Lord Falconer of Thoroton: I can assure the noble Lord that he is not being stupid. It is my failure for not explaining it adequately. Where there has just been a general election and a Government do not obtain the confidence of the House, the right course in those special circumstances, as in the case of Mr Baldwin in 1923, is that what the electorate may well have wanted from the election is somebody other than, as it were, Mr Baldwin. That is why those amendments are there.
I come to another point. It would seem that the noble and learned Lord has a problem with the two-week thought process-the cooling off period that the noble Baroness referred to. I would like to know whether he stands by the statement by Mr Christopher Bryant in the other House, who said:
"The Government-I think rightly-want to say that after a motion of no confidence, there could be two weeks during which the House could, if it wanted, pass a motion of confidence in either the same Government, presumably, or another Government, with either the same Prime Minister or a different Prime Minister, with a different set of ministerial colleagues".-[Official Report, Commons, 24/11/10; col. 359.]
That flexibility was very admirable and a great deal more supportive, if I may say so, of the Government's position than would be implied by what the noble and learned Lord, Lord Falconer of Thoroton, has said. It may be that he or one of his noble friends may wish to come back and say whether Mr Bryant was misled, or whether I was misled by that interpretation.
Amendments 20C and 22ZD have so many negatives that I am in something of a spin, even after the noble and learned Lord, Lord Falconer, explained them to me. If the intention is to make a major change in the circumstances immediately following an election, there is a good case for that: it is a very attractive proposition. The fact that the leader of the party who seeks to form an Administration should bring both the Administration and his or her programme to the House of Commons for it to be endorsed at the outset of a Parliament would emphasise that we are not electing a Government but a House of Commons, which in turn gives responsibility and power to a Government. However, it may be rather too late in the passage of this Bill to introduce changes of that scale and radical intent.
We have made huge progress. As others have said, this is very much to the credit of my noble and learned friend, Lord Wallace of Tankerness. Again, it illustrates some very important points that we should all take account of. First and foremost, we have maintained intact the principle of the Bill that was sent to us by the other House. Secondly, if we pass the amendment and introduce a new Clause 2, that will remove any possibility of any weakening of the neutrality of Speakers of the House of Commons. That is obviously desirable. Thirdly, it still removes an important extra power from Prime Ministers and their Whips simply to decide that an issue of detailed policy is a matter of confidence. All three of these achievements are truly welcome. I hope that the House will support Amendment 20.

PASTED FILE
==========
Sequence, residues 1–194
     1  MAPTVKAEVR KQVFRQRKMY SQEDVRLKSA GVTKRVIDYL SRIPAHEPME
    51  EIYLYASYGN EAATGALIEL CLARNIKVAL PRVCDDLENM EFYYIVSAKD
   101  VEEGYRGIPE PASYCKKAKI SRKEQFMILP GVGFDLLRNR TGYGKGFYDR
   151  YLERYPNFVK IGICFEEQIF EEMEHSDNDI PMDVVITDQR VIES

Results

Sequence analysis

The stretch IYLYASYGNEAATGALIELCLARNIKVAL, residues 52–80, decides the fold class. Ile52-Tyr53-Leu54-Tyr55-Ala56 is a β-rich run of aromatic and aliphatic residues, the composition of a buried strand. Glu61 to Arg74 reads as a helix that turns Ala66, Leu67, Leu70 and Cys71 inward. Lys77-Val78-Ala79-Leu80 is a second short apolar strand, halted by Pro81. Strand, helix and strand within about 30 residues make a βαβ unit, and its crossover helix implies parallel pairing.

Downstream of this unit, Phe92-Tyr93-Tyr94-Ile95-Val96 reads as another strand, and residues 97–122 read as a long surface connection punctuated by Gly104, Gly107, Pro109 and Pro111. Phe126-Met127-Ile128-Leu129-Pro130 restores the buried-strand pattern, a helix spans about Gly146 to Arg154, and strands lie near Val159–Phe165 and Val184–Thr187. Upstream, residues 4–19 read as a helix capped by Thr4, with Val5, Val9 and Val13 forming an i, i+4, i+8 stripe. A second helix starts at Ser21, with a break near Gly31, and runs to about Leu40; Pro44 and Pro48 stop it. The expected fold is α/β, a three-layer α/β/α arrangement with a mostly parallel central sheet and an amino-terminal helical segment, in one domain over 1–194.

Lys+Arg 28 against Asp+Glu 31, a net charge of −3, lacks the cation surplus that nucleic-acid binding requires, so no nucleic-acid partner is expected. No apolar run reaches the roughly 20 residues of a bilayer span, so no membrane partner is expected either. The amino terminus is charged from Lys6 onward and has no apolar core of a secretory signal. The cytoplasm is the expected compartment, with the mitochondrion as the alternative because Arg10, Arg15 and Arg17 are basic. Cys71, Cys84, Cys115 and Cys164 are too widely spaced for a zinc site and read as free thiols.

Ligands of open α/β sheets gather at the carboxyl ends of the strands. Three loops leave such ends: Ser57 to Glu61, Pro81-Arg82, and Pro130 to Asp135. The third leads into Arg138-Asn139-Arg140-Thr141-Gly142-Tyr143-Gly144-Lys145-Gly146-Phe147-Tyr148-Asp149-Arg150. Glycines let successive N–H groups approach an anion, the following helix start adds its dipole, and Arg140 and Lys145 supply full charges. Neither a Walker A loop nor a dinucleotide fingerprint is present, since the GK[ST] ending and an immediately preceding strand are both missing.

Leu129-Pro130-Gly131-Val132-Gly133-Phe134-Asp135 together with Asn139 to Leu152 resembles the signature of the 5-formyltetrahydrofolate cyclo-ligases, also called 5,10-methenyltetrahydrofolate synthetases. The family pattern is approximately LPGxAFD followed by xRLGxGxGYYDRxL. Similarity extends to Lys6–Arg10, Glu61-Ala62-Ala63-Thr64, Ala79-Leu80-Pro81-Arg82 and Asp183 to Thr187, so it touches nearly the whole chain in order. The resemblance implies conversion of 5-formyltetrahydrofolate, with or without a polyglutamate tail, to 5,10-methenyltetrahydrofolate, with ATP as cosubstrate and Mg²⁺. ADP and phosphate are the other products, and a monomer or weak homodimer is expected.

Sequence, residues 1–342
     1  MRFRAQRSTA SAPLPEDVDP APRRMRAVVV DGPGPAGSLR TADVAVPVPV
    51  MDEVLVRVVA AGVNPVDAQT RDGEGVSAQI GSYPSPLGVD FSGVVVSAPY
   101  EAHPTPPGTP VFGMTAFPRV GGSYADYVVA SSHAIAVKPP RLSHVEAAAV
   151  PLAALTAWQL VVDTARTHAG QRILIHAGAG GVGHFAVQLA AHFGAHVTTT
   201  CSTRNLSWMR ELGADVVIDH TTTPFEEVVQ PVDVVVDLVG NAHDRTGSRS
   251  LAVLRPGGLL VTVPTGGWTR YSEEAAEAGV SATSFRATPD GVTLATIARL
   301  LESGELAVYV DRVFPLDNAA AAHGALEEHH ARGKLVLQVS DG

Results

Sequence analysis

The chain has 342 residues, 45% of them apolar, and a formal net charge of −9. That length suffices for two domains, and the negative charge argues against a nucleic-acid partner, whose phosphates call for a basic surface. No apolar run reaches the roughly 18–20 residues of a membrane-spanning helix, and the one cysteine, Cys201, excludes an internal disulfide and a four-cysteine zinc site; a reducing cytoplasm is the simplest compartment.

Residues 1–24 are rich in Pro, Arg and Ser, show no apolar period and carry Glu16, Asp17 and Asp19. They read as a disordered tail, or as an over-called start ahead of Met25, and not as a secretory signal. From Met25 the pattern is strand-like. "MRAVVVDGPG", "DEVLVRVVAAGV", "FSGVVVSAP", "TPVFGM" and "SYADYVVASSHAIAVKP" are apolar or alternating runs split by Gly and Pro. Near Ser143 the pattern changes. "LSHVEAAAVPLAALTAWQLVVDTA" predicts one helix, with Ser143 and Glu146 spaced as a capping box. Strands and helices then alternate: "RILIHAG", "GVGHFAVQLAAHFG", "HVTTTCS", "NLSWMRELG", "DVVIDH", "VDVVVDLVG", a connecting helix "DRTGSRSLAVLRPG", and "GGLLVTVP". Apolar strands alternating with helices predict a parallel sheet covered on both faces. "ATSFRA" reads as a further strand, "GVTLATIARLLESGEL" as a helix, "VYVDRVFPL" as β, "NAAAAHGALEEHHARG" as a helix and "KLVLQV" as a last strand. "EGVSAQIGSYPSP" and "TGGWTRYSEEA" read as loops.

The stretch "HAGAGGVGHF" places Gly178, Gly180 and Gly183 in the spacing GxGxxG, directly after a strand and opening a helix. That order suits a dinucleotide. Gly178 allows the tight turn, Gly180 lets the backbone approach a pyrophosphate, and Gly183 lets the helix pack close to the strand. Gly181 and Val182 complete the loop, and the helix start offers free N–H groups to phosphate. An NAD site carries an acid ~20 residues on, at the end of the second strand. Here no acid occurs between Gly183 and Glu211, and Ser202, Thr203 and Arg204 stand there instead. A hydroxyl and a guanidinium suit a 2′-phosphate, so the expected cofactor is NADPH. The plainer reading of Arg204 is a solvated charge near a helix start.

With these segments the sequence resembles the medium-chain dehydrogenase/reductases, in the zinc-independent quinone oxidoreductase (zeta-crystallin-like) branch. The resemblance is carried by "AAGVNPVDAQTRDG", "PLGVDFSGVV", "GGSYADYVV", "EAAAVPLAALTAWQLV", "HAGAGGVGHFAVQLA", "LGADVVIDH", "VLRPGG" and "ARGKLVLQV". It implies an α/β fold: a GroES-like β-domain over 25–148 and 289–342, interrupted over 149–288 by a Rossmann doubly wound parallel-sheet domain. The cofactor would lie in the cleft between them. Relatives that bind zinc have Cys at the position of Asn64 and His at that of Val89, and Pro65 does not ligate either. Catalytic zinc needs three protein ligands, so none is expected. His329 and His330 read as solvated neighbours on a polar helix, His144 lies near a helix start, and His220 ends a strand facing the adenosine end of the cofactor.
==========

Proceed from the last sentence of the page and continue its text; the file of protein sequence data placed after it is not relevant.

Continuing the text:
Baroness Jay of Paddington: My Lords, the House has been very generous in its consideration of the report of the Select Committee on the Constitution, which I have the privilege to chair. However, one aspect of our report has received scant attention, although the noble Lord, Lord Tyler, referred to it briefly. That is the question, also mentioned by the noble Lord, Lord Norton of Louth, of government manipulation of the no-confidence process.
Having looked at all the amendments that have been tabled, I recognise, as do all noble Lords, that they are a vast improvement on what we were considering last week. However, it does not seem to me that these problems are met. I refer the House to the discussions that the committee had on this point with the Deputy Prime Minister. He accepted that it was not possible to exclude the possibility that the Government could manipulate Motions to this effect, but went on to say that,
He assumed that if a Government manipulated the process in that way, they would be punished. However, the committee held evidence that suggested that international experience does not necessarily confirm that impression. The noble Lord, Lord Norton of Louth, referred to examples from both Canada and Germany of occasions where Governments achieved precisely that purpose by manipulating votes of no confidence in themselves. Our evidence suggested that scrutiny of those decisions and subsequent elections that happened as a result of them did not necessarily produce an electorate who thought that this was, as the Deputy Prime Minister said, so "self-evidently grubby" that the Government should be punished. In both the most recent cases, in 2005 and 2008, in Germany and Canada, the Governments who behaved in this way were re-elected.
The House may feel that this is too small a point to consider at this stage of proceedings. However, if we are in the business, as everybody has suggested, of improving the amendments that were before us and putting into statute something that we have always understood in this country and in the history of Parliament to be a matter of conventions, we need to be very careful about this matter.
Lord Martin of Springburn: My Lords, I support-along with everyone else-Amendment 20 and a new Clause 2. I put on record my thanks to the noble and learned Lord, Lord Wallace, and to Mr Mark Harper, the Minister in charge in the other place. We said in Committee that we would like to meet the Minister, and it was good of him to meet us. I also put on record the great work done by the noble Lord, Lord Howarth. In these situations, there is always someone who has to do the phoning, the texting and the e-mails, and it was the noble Lord. I am very grateful to him for keeping me and my colleagues fully informed.